By Gregory Jensen
Not only do the findings of science have moral implications, but the actual work of scientific research presupposes that the researcher himself is a man of virtue. When scientific research is divorced from, or worse, opposed to the life of virtue it is not simply the research or the researcher that suffers but the whole human family.
Take for example, the scandal surrounding the conduct of researchers at the Climatic Research Unit (CRU) at East Anglia University in the UK. Whether or not the recently revealed emails and computer programs undermine the theory of anthropological global warning (AGW), it is clear that current public policy debate is based at least in part on the research of scientists of questionable virtue who sacrificed not only honesty and fair play but potentially the well being of us all in the service of their own political agenda.
All of this came to mind recently when a friend sent me a talk on the environment ("Through Creation to the Creator") by the Orthodox theologian Metropolitan Kallistos Ware. Ware argues that all creation is "a symbol pointing beyond itself, a sacrament that embodies some deep secret at the heart of the universe." Unlike the Gnosticism that holds sway in many areas of life (including scientific research), the Christian Church argues that the secret of creation is both knowable and known. Creation, Ware says, points beyond itself to "the Second Person of the Trinity, the Wisdom and Providence of God" Who is Himself both "the source and end" of all created being. Insofar as the Christian tradition has an environmental teaching at all, it is this: Jesus Christ is the "all-embracing and unifying" Principal of creation.
At its best natural science research is a means of exploring and deepening our appreciation and gratitude to God for "the variety and particularity of creation -- what St. Paul calls the ‘glory' of each thing (1 Cor. 15:41)." But appreciation and gratitude are not the fruit of technical competence but an ascetical effort. We must learn to "love the world for itself." According to Ware, we do this not simply for what the natural world can do for us but "in terms of its own consistency and integrity." And again, at its best scientific research has a positive role to play here. This is what makes Climategate so tragic; once again science is being twisted to serve selfish ends.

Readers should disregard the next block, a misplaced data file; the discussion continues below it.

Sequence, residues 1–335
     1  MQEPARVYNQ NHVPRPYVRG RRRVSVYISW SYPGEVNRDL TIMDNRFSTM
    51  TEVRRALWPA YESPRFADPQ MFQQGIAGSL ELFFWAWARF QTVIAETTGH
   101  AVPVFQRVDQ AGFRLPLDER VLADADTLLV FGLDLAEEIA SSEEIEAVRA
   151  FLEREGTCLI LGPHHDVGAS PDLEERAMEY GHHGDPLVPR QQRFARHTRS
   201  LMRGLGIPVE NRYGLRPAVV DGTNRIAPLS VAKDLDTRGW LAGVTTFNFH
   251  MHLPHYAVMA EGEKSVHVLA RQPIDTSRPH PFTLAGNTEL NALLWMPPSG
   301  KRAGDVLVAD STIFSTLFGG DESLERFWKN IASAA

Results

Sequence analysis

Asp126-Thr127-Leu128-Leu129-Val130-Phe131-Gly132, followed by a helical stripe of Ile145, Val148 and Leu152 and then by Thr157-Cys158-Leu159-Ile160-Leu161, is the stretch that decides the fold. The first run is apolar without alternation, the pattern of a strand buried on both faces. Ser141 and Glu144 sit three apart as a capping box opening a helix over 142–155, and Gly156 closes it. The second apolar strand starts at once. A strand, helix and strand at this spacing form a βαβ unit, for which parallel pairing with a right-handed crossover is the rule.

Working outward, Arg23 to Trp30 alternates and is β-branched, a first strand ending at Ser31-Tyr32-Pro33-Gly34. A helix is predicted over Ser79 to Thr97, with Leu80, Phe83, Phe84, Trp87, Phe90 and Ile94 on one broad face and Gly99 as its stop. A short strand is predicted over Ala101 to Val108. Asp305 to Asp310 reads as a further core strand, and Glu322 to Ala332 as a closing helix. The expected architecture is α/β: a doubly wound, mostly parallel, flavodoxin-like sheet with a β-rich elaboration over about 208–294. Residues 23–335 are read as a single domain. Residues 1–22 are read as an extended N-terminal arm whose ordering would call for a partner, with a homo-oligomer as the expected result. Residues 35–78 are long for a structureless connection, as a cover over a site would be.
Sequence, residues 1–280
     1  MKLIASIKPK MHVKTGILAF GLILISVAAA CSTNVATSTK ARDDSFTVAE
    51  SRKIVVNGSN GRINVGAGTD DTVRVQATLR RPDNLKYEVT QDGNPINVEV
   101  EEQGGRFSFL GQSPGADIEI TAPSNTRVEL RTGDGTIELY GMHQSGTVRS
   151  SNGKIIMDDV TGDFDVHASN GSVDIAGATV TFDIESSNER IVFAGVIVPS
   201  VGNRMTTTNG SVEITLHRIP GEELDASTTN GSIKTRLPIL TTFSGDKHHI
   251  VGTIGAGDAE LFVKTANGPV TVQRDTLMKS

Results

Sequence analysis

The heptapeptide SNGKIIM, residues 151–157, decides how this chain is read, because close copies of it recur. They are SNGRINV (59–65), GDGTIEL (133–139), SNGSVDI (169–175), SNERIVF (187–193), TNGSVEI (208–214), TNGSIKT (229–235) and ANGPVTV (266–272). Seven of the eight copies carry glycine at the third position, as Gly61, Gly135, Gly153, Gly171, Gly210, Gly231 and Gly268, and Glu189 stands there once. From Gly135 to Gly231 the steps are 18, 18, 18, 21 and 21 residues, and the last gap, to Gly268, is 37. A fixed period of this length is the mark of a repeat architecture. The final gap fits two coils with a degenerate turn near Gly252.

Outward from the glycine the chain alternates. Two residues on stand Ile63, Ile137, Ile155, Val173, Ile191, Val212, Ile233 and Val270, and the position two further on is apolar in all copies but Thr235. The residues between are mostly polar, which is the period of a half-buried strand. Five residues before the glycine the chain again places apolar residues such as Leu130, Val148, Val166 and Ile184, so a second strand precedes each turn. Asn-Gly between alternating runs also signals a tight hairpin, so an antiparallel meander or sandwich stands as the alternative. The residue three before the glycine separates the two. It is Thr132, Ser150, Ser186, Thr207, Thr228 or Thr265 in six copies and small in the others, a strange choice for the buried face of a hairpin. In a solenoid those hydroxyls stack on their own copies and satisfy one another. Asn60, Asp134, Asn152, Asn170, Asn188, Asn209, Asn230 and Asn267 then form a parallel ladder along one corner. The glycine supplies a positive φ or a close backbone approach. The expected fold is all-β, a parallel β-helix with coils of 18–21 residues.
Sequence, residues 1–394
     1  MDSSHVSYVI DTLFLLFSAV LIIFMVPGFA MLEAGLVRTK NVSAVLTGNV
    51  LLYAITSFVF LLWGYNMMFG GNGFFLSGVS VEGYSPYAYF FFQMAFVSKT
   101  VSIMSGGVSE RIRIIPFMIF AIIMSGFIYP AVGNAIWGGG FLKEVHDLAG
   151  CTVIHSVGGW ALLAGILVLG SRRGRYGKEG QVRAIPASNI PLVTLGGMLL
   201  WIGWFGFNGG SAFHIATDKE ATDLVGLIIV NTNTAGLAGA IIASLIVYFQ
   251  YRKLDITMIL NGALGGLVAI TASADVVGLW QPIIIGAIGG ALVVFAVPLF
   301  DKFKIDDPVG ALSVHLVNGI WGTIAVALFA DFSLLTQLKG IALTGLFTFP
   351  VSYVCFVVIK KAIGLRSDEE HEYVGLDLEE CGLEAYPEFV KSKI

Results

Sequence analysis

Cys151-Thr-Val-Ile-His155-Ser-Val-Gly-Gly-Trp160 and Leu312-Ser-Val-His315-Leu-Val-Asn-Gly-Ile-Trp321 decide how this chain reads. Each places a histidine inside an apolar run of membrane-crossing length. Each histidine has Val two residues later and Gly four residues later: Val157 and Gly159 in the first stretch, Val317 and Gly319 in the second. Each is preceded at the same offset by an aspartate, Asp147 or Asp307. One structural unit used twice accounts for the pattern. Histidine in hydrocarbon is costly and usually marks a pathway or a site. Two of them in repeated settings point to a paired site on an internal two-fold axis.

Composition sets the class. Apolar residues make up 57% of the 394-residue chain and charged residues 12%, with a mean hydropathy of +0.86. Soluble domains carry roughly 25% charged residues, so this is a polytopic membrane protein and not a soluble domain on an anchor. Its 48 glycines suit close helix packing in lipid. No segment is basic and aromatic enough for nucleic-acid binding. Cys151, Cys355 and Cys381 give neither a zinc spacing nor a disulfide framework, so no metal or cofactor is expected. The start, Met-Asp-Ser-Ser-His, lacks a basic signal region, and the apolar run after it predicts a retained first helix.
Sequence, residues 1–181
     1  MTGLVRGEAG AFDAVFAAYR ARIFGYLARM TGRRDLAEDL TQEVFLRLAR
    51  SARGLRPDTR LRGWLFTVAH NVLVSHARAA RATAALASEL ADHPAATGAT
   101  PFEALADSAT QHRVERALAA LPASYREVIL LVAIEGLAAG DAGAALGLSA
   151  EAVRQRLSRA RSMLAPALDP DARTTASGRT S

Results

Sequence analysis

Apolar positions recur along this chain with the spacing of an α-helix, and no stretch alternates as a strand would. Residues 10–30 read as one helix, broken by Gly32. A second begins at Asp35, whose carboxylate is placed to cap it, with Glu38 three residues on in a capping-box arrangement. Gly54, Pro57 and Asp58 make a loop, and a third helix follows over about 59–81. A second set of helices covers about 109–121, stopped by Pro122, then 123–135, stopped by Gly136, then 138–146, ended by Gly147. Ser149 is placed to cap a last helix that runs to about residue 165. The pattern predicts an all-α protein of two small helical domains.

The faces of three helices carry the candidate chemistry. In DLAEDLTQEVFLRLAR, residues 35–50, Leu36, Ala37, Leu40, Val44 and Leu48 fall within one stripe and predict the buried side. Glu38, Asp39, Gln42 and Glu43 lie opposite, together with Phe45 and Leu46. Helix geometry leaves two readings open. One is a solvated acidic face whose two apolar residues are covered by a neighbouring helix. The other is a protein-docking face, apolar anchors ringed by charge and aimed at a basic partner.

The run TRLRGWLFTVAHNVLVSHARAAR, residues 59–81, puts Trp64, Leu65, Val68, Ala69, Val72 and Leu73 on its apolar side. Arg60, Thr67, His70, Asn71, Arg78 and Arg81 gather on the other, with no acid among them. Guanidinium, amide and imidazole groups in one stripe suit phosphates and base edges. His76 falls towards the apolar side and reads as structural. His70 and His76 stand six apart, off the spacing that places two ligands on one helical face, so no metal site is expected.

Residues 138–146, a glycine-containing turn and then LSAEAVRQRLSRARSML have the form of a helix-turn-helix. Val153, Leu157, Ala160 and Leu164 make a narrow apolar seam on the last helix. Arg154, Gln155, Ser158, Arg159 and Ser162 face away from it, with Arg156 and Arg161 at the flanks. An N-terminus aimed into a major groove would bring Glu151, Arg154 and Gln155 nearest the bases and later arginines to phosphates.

C.S. Lewis reminds us of the danger here when he observes that, "Each new power won by man is a power over man as well." While our scientific advances have made us stronger in some ways, they have made us weaker in others. While not without copious benefits, science represents a real and substantial risk for both our relationship to creation and to ourselves. Giving in, Lewis points out, means that we no longer seek to "conform the soul to reality" through "knowledge, self-discipline and virtue." As with magic in an earlier age, modern science tempts us to "subdue reality to the wishes of men."
To further their own agenda the CRU scientists imagined that they could manipulate not only the data but the peer review process as well. While both are unacceptable, the latter represents an assault on the human community. To borrow again from Lewis, it is an attempt by some to assert their will over others.
Metropolitan Kallistos reminds us that the "ascent through the creation to the Creator is [not] easily accomplished, in a casual and automatic way." It requires not only the theological virtues of faith, hope, and love, but more ordinary moral and intellectual virtues such as "persistence, courage, imagination." While the cultivation of these and the other virtues will not guarantee success in research (or public policy for that matter), their absence will guarantee failure.
Likewise, a sacramental vision of creation will guarantee neither sound science nor virtuous scientists. But given the major social and political changes being proposed in the name of the environment, it seems to me that we would do well to reflect more deeply on not only the practical implications of public policy but our own motivations and the means we are willing to employ to reach our goals. As Climategate demonstrates, if only on a relatively small scale, we can perpetrate great injustice with even the noblest motives.
This article was first published by the Acton Institute and is reprinted with permission.
Father Gregory Jensen is a psychologist of religion and a priest of the Diocese of Chicago and the Midwest (Orthodox Church in America). He blogs at Koinonia.